The United States’ aid program would be more effective by embracing partnerships, free enterprise and the energy of the private sector. Only with these three elements can U.S. assistance create “enduring prosperity.”
These were statements made by Republican Party standard bearer Mitt Romney on the third day of the 2012 Clinton Global Initiative, where he outlined what he described as a “new approach” to aid “for a new era.”
Romney said that while “a temporary aid package can jolt an economy,” it cannot sustain it for long “because at some point, the money runs out.” History, he added, has shown that an “assistance program that helps unleash free enterprise” is more successful in promoting enduring prosperity.
In his proposal of an overhaul of the U.S. program, Romney introduced the idea of “prosperity pacts” with developing countries. Under these agreements, the U.S. will offer aid packages focused on institutional building and rule of law as incentives for developing countries to work toward eliminating trade and investment barriers and for opening their markets to U.S. trade and investments.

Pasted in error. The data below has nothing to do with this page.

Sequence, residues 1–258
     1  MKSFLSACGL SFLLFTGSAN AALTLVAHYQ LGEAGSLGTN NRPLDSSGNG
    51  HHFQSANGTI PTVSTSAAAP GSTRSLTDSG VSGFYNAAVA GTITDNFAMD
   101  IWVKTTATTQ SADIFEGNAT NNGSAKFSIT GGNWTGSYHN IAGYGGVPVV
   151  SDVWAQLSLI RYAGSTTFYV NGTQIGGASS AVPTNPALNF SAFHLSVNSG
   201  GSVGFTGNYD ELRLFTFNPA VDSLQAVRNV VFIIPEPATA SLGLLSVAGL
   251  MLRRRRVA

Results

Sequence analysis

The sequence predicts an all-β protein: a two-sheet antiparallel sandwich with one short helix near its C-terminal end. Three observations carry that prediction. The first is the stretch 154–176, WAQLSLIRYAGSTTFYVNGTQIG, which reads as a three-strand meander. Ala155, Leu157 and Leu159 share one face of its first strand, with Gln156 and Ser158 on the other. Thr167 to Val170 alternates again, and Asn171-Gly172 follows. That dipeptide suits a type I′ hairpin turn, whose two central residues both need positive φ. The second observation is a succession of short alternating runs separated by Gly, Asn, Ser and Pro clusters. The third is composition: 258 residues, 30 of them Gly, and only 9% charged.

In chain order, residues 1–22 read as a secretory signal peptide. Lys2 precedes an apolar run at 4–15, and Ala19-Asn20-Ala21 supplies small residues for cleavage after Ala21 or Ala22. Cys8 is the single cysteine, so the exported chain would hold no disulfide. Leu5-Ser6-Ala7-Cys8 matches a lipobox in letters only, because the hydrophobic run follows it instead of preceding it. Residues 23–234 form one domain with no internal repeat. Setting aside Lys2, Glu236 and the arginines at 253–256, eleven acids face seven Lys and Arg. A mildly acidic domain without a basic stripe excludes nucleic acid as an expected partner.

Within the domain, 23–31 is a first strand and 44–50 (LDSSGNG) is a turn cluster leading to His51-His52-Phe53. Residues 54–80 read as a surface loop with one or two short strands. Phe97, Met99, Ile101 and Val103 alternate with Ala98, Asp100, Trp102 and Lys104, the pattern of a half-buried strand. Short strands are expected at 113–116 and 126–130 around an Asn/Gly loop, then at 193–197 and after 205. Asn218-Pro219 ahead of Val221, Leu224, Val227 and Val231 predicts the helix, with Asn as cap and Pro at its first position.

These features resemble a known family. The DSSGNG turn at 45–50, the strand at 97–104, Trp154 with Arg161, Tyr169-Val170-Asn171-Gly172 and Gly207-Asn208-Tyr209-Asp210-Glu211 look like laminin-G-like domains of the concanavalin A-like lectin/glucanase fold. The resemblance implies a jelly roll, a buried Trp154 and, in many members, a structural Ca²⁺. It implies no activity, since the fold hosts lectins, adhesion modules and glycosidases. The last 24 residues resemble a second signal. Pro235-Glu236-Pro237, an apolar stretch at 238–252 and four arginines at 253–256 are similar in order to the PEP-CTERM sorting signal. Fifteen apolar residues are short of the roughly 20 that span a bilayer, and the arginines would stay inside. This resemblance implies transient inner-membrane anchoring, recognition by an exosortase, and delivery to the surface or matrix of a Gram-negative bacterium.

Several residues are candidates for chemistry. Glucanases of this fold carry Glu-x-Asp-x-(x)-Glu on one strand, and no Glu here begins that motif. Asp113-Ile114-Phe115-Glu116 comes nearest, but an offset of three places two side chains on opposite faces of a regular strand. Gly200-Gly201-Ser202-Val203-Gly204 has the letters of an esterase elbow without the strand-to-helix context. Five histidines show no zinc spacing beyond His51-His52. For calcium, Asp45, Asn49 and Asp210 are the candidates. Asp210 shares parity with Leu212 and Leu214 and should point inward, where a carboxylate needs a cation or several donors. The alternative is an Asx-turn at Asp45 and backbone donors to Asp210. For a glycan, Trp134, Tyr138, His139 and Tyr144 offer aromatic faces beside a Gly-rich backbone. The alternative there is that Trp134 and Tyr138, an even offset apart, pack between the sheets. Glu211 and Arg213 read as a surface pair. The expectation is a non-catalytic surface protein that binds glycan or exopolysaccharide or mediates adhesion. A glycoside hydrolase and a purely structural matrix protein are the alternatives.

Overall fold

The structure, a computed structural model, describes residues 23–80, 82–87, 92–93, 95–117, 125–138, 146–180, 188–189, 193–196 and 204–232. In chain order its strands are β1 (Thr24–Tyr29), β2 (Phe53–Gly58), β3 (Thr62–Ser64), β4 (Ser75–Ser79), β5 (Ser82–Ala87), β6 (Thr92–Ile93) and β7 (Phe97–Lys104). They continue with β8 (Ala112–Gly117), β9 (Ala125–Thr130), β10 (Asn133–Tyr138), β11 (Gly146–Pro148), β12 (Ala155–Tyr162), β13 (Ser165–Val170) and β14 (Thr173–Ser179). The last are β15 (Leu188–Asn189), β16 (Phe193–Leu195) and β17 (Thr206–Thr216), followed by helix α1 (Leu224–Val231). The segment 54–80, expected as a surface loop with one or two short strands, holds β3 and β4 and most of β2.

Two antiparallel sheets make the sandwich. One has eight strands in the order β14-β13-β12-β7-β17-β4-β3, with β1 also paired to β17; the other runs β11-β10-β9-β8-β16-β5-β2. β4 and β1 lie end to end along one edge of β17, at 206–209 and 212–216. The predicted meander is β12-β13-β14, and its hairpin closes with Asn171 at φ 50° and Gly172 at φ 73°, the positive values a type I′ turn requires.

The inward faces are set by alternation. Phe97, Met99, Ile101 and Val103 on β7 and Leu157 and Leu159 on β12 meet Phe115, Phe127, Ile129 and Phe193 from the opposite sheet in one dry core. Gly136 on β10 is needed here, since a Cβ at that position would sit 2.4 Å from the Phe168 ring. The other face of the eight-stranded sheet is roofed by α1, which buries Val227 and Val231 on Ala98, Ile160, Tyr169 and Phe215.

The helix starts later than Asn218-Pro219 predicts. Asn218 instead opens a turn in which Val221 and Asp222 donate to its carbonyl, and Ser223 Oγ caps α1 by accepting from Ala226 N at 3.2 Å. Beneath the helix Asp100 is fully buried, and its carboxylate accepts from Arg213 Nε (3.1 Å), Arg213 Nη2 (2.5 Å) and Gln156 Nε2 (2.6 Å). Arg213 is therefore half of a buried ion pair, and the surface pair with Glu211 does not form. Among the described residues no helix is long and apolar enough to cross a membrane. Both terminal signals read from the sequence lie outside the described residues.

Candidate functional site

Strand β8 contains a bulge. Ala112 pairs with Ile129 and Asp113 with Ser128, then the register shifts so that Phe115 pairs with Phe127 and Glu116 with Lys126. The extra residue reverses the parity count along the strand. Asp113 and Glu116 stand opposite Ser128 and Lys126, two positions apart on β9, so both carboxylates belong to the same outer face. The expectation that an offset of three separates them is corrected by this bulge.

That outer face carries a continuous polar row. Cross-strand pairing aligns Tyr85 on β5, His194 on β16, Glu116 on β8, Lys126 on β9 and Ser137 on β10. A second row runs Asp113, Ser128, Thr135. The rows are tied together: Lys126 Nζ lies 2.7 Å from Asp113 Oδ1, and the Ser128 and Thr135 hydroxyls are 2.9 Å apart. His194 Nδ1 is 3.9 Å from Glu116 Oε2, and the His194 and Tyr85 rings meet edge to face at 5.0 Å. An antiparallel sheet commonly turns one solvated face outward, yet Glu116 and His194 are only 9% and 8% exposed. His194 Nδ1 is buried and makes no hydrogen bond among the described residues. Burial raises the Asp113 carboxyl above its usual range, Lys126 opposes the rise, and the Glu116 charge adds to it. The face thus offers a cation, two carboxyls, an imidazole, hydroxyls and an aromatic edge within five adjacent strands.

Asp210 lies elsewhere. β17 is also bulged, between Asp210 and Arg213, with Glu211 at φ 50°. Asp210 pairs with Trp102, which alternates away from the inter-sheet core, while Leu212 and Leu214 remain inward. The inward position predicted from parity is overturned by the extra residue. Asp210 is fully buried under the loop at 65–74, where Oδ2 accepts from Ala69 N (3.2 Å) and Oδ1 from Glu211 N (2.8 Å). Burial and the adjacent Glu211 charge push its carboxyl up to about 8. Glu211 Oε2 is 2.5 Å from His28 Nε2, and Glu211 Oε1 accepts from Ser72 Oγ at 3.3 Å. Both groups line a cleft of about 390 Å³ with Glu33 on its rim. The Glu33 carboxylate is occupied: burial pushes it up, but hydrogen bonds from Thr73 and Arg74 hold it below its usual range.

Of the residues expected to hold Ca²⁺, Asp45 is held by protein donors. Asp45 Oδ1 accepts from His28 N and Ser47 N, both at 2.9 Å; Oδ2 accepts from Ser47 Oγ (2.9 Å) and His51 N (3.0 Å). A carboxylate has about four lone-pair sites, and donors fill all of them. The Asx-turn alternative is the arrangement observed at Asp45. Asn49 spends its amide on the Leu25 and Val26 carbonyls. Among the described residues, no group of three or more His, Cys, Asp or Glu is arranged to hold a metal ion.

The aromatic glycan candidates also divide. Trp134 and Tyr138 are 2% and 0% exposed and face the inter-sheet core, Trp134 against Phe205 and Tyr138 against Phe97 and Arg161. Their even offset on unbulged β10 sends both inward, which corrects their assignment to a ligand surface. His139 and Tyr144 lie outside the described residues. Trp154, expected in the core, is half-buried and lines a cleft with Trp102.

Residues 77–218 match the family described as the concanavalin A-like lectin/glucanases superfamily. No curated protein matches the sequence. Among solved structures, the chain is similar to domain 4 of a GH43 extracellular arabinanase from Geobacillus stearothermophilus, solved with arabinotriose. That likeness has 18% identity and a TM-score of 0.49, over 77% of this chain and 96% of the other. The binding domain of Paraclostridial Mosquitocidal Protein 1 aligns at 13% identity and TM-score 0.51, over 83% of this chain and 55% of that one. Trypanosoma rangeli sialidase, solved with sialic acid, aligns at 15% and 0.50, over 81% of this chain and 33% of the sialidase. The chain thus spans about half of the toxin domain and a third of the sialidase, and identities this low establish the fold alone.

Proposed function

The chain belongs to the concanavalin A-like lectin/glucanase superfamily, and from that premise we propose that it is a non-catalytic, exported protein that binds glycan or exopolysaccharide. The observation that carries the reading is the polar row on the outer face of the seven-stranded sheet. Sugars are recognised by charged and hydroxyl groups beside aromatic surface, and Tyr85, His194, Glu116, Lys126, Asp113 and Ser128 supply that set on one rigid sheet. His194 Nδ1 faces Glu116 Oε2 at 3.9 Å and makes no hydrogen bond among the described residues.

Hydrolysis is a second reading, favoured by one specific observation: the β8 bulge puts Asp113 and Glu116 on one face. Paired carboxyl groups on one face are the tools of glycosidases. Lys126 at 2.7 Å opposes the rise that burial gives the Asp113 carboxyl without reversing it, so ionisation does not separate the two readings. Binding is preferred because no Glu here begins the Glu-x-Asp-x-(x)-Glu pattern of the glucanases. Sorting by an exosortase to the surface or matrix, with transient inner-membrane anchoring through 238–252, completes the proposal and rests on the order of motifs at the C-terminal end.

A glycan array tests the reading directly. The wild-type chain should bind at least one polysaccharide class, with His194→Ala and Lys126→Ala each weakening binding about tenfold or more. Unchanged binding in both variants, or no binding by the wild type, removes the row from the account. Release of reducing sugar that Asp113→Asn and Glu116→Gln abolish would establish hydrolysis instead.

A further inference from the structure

“The aim of a much larger share of our aid must be the promotion of work and the fostering of free enterprise,” Romney said. “Nothing we can do as a nation will change lives and nations more effectively and permanently than sharing the insight that lies at the foundation of America’s own economy.”
This speech appears the most detailed so far on Romney’s plans for the U.S. foreign aid program. Quite notably, it lacked mention of an element that a number of Republican lawmakers have been staunchly pushing for: budget cuts.
It is also worth noting that some elements of Romney’s proposed approach are already being considered by the current administration. Both the U.S. Department of State and the U.S. Agency for International Development, for one, have started exploring more partnerships with other donors and with the private sectors.
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